The city of La Rochelle initially refused to declare itself an ally of Buckingham against the crown of France, and effectively denied access to its harbour to Buckingham's fleet. An open alliance would only be declared in September at the time of the first fights between La Rochelle and royal troops.

Although a Protestant stronghold, Île de Ré had not directly joined the rebellion against the king. On Île de Ré, the English under Buckingham tried to take the fortified city of Saint-Martin in the Siege of Saint-Martin-de-Ré (1627), but were repulsed after three months. Small French royal boats managed to supply St Martin in spite of the English blockade. Buckingham ultimately ran out of money and support, and his army was weakened by disease. After a last attack on Saint-Martin they were repulsed with heavy casualties, and left with their ships.


La Rochelle during the siege. La Rochelle during the 1628 siege.jpg
La Rochelle during the siege.
The Siege of La Rochelle (map), Stefano della Bella, 1641 Plan Of The Siege Of La Rochelle in 1628.jpg
The Siege of La Rochelle (map), Stefano della Bella, 1641
La Rochelle, surrounded by Royal fortifications and troops, Jacques Callot, 1630. Siege of La Rochelle by Jacques Callot 1630.jpg
La Rochelle, surrounded by Royal fortifications and troops, Jacques Callot, 1630.
Siege of La Rochelle, with nearby Ile de Re, by G.Orlandi, 1627. Siege of La Rochelle by Orlandi 1627.jpg
Siege of La Rochelle, with nearby Île de Ré, by G.Orlandi, 1627.
First seawall, built by Pompeo Targone, 1627. Pompeo Targone seawall.jpg
First seawall, built by Pompeo Targone, 1627.
Second seawall, designed by Clement Metezeau. Metezeau seawall.jpg
Second seawall, designed by Clément Métezeau.
Construction of a Royal fort in the area of Les Minimes. Siege of La Rochelle construction of a Royal fort.jpg
Construction of a Royal fort in the area of Les Minimes.

Meanwhile, in August 1627 French royal forces started to surround La Rochelle, with an army of 7,000 soldiers, 600 horses and 24 cannons, led by Charles of Angoulême. They started to reinforce fortifications at Bongraine (modern Les Minimes), and at the Fort Louis.

On September 10, the first cannon shots were fired by La Rochelle against royal troops at Fort Louis, starting the third Huguenot rebellion. La Rochelle was the greatest stronghold among the Huguenot cities of France, and the centre of Huguenot resistance. Cardinal Richelieu acted as commander of the besiegers when the King was absent.

Once hostilities started, French engineers isolated the city with entrenchments 12 kilometres long, fortified by 11 forts and 18 redoubts. The surrounding fortifications were completed in April 1628, manned with an army of 30,000.

Four thousand workmen also built a 1,400-metre-long seawall to block the seaward access between the city and harbor, stopping all supplies. The initial idea for blocking the channel came from the Italian engineer Pompeo Targone, but his structure was broken by winter weather, before the idea was taken up by the royal architect Clément Métezeau (or Metzeau) [3] in November 1627. The wall was built on a foundation of sunken hulks filled with rubble. French artillery battered English ships trying to supply the city.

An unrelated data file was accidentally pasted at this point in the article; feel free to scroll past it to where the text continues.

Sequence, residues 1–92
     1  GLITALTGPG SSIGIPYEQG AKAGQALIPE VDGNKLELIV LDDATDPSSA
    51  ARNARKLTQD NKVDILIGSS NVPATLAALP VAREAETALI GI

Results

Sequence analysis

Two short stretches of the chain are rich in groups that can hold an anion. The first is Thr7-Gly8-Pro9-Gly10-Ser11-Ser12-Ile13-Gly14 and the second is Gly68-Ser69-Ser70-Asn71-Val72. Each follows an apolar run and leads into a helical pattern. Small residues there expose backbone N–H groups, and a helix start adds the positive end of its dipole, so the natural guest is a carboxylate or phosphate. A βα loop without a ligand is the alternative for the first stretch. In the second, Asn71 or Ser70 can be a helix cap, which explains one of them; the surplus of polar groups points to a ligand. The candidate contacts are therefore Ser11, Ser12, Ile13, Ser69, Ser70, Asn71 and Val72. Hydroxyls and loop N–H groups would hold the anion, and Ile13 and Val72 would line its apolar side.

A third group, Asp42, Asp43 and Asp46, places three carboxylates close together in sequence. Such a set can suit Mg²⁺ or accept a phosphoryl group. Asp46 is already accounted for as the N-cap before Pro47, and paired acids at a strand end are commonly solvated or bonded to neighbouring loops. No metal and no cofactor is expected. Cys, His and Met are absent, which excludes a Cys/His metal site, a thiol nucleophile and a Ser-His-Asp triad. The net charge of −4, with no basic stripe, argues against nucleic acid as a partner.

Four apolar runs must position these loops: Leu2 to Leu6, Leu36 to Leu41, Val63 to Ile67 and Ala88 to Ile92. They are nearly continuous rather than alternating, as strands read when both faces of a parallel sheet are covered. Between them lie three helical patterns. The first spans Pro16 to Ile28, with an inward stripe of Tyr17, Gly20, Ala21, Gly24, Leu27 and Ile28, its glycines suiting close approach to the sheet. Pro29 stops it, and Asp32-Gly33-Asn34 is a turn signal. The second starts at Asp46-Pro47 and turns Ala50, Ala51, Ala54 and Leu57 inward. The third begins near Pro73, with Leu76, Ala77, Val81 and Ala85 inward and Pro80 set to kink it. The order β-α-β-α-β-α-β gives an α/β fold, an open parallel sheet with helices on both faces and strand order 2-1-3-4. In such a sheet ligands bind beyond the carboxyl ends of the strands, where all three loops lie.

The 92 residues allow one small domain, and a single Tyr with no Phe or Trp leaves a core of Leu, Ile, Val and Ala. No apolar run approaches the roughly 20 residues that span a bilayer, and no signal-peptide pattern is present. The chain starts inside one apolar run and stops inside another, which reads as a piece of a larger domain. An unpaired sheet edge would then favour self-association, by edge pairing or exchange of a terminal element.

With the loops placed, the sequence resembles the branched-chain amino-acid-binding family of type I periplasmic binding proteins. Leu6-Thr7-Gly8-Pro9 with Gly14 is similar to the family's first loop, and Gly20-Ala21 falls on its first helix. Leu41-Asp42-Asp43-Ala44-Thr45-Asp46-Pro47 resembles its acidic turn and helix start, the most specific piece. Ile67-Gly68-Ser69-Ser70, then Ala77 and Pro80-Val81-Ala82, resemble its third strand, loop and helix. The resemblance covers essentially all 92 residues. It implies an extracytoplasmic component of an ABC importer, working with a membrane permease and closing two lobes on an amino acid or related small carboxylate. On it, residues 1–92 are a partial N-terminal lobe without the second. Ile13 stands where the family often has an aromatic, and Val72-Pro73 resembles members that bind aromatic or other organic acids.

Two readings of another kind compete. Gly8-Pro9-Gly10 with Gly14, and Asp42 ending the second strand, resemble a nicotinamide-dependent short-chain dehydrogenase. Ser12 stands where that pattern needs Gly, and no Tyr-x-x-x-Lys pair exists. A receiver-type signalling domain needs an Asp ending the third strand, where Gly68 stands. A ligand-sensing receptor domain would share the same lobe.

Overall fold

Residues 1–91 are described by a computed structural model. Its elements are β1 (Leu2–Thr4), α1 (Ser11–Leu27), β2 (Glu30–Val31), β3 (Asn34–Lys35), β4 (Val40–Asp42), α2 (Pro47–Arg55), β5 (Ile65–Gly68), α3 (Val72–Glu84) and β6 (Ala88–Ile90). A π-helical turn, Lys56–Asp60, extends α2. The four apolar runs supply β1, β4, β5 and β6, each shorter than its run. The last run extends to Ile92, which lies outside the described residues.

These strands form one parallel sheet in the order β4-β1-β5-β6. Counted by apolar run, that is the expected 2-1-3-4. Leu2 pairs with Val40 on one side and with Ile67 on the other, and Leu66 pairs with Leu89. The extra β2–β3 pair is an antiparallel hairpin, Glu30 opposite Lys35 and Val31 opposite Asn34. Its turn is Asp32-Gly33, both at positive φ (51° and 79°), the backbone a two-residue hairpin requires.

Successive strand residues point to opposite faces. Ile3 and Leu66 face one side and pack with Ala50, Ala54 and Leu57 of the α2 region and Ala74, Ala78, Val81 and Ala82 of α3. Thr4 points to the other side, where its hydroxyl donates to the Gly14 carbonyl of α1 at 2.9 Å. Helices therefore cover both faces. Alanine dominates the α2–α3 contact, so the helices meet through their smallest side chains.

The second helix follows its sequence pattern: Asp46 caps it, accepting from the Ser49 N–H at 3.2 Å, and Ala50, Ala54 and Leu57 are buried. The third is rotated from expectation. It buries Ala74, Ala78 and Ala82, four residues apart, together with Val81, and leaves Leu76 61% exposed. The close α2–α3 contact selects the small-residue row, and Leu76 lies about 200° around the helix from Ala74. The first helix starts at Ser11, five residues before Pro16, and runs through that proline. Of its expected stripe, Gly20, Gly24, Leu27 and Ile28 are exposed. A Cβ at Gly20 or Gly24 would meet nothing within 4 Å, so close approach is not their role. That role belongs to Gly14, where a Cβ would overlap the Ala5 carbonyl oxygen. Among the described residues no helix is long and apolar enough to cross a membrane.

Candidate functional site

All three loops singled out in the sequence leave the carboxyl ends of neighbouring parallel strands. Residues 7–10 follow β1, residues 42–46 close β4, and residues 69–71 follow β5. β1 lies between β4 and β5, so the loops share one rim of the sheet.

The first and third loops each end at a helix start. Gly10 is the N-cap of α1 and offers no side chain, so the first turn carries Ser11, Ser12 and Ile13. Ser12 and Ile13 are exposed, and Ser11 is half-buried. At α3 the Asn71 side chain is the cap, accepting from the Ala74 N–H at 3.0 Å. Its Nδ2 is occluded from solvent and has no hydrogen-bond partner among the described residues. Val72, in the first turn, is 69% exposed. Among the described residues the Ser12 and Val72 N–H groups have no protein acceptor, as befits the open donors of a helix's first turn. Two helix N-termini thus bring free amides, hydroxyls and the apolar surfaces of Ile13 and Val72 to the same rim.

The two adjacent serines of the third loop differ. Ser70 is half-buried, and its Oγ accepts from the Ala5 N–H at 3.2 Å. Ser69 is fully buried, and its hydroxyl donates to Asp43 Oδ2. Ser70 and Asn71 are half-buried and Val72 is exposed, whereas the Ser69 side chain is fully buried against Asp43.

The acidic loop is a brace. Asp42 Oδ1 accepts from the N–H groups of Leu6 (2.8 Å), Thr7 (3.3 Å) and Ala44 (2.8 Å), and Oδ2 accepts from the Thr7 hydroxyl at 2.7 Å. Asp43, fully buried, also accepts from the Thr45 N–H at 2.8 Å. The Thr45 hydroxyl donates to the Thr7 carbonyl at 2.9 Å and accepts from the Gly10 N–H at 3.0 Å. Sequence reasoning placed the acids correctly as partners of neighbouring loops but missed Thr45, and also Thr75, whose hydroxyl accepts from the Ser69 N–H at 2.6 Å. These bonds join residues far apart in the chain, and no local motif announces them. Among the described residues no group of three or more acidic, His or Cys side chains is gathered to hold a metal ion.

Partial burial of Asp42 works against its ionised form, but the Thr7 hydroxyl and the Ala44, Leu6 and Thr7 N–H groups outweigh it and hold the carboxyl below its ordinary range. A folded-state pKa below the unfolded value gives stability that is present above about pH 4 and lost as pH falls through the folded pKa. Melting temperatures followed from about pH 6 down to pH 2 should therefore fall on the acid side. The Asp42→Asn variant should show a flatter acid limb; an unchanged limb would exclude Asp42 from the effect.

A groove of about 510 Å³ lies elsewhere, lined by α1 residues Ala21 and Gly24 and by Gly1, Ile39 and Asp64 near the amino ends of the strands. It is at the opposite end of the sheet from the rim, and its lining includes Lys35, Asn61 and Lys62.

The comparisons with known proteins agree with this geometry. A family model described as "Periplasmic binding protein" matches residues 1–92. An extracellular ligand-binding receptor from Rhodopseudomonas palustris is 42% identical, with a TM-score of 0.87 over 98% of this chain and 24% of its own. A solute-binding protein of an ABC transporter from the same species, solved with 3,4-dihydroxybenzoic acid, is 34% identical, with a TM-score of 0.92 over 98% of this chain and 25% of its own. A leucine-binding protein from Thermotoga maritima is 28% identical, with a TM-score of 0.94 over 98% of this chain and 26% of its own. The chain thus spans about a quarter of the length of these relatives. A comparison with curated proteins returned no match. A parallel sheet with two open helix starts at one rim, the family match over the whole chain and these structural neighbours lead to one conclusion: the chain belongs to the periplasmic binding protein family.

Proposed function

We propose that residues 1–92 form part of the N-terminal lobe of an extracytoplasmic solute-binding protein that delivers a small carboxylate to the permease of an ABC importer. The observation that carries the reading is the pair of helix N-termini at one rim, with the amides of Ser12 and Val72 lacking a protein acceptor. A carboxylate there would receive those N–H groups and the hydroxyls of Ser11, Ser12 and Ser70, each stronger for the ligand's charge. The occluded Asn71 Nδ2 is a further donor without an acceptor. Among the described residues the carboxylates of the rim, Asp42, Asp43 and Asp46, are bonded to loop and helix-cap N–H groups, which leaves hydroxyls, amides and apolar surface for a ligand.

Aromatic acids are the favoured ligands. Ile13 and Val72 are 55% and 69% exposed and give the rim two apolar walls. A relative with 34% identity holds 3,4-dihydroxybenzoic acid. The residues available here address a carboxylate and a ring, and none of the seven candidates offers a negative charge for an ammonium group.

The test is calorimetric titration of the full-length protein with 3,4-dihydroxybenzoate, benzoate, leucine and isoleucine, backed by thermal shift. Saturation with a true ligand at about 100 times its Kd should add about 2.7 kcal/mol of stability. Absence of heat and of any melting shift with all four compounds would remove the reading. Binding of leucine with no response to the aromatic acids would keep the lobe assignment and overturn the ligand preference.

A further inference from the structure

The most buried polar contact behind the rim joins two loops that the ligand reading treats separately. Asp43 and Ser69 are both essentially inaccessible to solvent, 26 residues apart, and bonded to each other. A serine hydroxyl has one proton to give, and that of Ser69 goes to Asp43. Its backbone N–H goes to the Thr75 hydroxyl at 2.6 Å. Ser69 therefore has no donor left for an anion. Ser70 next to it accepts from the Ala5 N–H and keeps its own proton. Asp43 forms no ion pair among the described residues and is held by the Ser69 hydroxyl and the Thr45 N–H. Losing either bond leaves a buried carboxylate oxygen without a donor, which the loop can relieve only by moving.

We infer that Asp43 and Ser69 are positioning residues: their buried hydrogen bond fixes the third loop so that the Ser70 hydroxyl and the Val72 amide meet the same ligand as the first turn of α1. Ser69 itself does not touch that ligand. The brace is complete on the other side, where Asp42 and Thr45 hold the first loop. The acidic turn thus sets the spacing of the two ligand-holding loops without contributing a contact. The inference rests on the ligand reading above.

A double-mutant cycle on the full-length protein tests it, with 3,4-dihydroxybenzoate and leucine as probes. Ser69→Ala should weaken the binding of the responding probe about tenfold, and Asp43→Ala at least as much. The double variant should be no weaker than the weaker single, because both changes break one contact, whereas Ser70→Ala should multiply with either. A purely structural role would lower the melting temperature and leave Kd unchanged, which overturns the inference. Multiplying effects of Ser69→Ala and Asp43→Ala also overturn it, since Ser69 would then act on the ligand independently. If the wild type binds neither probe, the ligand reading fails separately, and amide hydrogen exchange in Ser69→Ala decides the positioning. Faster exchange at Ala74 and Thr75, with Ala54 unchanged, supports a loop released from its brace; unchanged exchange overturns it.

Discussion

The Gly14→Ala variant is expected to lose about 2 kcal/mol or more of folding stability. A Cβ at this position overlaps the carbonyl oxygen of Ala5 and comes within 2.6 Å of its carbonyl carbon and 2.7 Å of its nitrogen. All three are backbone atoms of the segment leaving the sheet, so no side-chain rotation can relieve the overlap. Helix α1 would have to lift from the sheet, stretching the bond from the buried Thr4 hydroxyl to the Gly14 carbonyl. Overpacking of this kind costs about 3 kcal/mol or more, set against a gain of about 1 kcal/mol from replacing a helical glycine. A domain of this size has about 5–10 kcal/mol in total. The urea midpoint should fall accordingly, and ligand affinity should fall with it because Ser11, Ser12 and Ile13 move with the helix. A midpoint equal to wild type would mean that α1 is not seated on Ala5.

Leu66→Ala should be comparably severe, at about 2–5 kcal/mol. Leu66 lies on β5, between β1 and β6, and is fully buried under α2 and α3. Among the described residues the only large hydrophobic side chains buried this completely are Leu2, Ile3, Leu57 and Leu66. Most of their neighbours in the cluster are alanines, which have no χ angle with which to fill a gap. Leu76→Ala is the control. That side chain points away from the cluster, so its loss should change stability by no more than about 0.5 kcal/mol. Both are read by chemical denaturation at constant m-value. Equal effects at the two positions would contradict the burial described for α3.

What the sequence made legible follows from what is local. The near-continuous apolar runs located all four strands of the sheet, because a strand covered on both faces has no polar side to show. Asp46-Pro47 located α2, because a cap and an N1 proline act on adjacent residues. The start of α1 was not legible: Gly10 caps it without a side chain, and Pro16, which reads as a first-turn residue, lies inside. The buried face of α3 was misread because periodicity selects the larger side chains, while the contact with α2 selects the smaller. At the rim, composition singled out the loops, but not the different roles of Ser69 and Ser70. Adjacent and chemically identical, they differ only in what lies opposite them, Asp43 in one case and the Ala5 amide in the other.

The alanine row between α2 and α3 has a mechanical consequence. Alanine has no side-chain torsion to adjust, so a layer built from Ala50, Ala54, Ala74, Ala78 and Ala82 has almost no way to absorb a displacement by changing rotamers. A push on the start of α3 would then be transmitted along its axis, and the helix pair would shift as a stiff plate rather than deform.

Meanwhile, in southern France, Henri de Rohan vainly attempted to raise a rebellion to relieve La Rochelle. Until February, some ships were able to go through the seawall under construction, but after March this became impossible. The city was completely blockaded, with the only hope coming from possible intervention by an English fleet.

Foreign support for the French Crown

Louis XIII at the Siege of La Rochelle. Louis XIII at the Siege of La Rochelle 17th century.jpg
Louis XIII at the Siege of La Rochelle.

Dutch support

Altogether, the Roman Catholic government of France rented ships from the Protestant city of Amsterdam to conquer the Protestant city of La Rochelle. This resulted in a debate in the city council of Amsterdam as to whether the French soldiers should be allowed to have a Roman Catholic sermon on board of the Protestant Dutch ships. The result of the debate was that it was not allowed. The Dutch ships transported the French soldiers to La Rochelle. France was a Dutch ally in the war against the Habsburgs.

Spanish alliance

In the occasion of the Siege of La Rochelle, Spain manoeuvered towards the formation of a Franco-Spanish alliance against the common enemies that were the English, the Huguenots and the Dutch. [4] Richelieu accepted Spanish help, and a Spanish fleet of 30 to 40 warships was sent from Cadiz to the Gulf of Morbihan as an affirmation of strategic support, [4] arriving three weeks after the departure of Buckingham from Île de Ré. At one point, the Spanish fleet anchored in front of La Rochelle, but did not engage in actual operations against the city.